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The function dkimsign() at the end of this post can be used to load a .eml message from a file ($infile), dkim-sign the message, and write the signed message to another file ($outfile). It works as expected if $infile contains a message that is iso-8859-1 encoded. However, if the message is UTF-8 encoded, the character encoding in $outfile becomes garbled.

If $infile is UTF-8 encoded, this problem can be solved by applying $email2->put_Utf8(1); near the end of the script, before the signed message is written to $outfile.

However, in cases where $infile may or may not be $utf-8 encoded, this begs the question, how to know when to apply $email2->put_Utf8(1);?

I attempted to determine whether or not $infile is UTF-8 encoded using get_Utf8(), using the test script below:

use strict;
use warnings;
use chilkat;


  #create chilkat::CkEmail object and load raw email into it from file
  $email = new chilkat::CkEmail();
  $success = $email->LoadEml($infile);
  if ($success != 1) {
    print $email->lastErrorText() . "\n";

  print "utf8: " . $utf8 . "\n";

However, this script returns 0 regardless of whether ~/in.txt is UTF-8 encoded or not.

So, the question is: How can it be determined whether or not to apply the $email2->put_Utf8(1) method when writing the signed message to a file, given a source message which may or may not be using Utf-8 encoding?

Environment: Chilkat, perl 5, version 20, subversion 2 (v5.20.2) built for x86_64-linux-gnu-thread-multi, Debian 8.0

sub dkimsign { my($infile, $outfile, $dkimdomain, $dkimselector, $dkimpkfile)=@_; my($email, $success, $mailman, $mimeData, $dkim, $password, $dkimSignedMime, $email2, $utf8); ###create chilkat::CkEmail object and load raw email into it from file $email = new chilkat::CkEmail(); $success = $email->LoadEml($infile); if ($success != 1) { print $email->lastErrorText() . "n"; exit; }

    #print $email->getMime();   #test that email was loaded correctly

    ###create chilkat::CkMailMan object and use it to represent email in chilkat::CkEmail object as a chilkat::CkByteData mimedata object
    $mailman = new chilkat::CkMailMan();
    $success = $mailman->UnlockComponent("Anything for 30-day trial");
    if ($success != 1) {
            print $mailman->lastErrorText() . "\n";

    $mimeData = new chilkat::CkByteData();
    $success = $mailman->RenderToMimeBytes($email,$mimeData);
    if ($success != 1) {
            print $mailman->lastErrorText() . "\n";

    ###create chilkat::CkDkim object and use it to dkim-sign the email $mimeData object
    $dkim = new chilkat::CkDkim();
    $success = $dkim->UnlockComponent("Anything for 30-day trial");
    if ($success != 1) {
            print $dkim->lastErrorText() . "\n";

    $password = "optionalPassword";
    $success = $dkim->LoadDkimPkFile($dkimpkfile, $password);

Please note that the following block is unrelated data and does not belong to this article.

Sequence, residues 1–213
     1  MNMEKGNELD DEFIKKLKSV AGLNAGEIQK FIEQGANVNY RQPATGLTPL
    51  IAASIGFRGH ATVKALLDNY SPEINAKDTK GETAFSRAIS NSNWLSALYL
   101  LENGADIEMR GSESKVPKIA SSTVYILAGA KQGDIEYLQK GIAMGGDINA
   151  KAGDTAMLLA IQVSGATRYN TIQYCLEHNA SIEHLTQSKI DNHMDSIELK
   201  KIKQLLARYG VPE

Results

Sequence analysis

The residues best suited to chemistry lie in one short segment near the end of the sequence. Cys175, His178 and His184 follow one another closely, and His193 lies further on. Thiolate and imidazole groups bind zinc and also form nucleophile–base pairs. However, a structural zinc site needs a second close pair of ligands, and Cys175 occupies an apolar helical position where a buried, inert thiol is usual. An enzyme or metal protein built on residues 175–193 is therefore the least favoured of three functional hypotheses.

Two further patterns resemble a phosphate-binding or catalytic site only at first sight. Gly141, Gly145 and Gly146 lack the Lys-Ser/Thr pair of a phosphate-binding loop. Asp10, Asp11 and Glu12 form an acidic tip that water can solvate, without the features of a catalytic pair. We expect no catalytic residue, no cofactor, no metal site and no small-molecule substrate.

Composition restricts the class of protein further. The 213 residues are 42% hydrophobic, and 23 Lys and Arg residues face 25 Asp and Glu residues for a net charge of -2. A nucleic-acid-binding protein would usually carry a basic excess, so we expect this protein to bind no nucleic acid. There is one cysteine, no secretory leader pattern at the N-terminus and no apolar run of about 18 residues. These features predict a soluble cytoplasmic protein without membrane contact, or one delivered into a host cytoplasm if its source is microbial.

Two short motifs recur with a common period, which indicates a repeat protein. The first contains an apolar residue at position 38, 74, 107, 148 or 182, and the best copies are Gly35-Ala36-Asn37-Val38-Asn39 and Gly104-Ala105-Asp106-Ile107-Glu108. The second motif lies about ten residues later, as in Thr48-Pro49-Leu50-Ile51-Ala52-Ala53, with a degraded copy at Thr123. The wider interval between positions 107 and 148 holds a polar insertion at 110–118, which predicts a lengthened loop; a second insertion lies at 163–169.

if ($success != 1) {
            print $dkim->lastErrorText() . "\n";

    $dkimSignedMime = new chilkat::CkByteData();
    $success = $dkim->AddDkimSignature($mimeData, $dkimSignedMime);
    if ($success != 1) {
            print $dkim->lastErrorText() . "\n";

    ###create chilkat::CkEmail object and use it to output dkim-signed message
    $email2 = new chilkat::CkEmail();
    $success = $email2->SetFromMimeBytes($dkimSignedMime);
    if ($success != 1) {
            print $email2->lastErrorText() . "\n";

    open (fh1, ">" . $outfile);
    print fh1 $email2->getMime();
    close (fh1);


asked Jul 21 '15 at 16:35

mti2935's gravatar image


edited Jul 21 '15 at 16:37


Rather than writing the file by opening/creating a new file and writing the output of $email2->getMime(), call $email2->SaveEml($outPath) instead.

MIME files (.eml) are tricky in that the character encoding used for reading/writing may need to match what's specified in a MIME header if an 8bit encoding is used. If all encodings are 7bit (i.e. quoted-printable, base64, etc) and all 8bit chars in MIME header fields are Q/B encoded, then the entire file is us-ascii and there is no difference between ANSI (iso-8859-1) and utf-8 (because 7bit means only us-ascii chars are present).

If an 8bit encoding is used, then the text parts of the MIME that are 8bit would need to use the charset specified in the MIME header when writing, and a MIME reader would need to interpret the bytes according to that charset. It can be even more complicated if binary MIME is used, because now you'll have bytes that don't represent chars and these should just be kept as-is. In a nutshell, let Chilkat do the reading/writing of the MIME. If the MIME is known to be entirely 7bit, then you're safe in reading/writing it yourself..


answered Jul 21 '15 at 20:58

chilkat's gravatar image

chilkat ♦♦


That did the trick. Thanks Matt!

(Jul 22 '15 at 10:54) mti2935
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Asked: Jul 21 '15 at 16:35

Seen: 2,259 times

Last updated: Jul 22 '15 at 10:54

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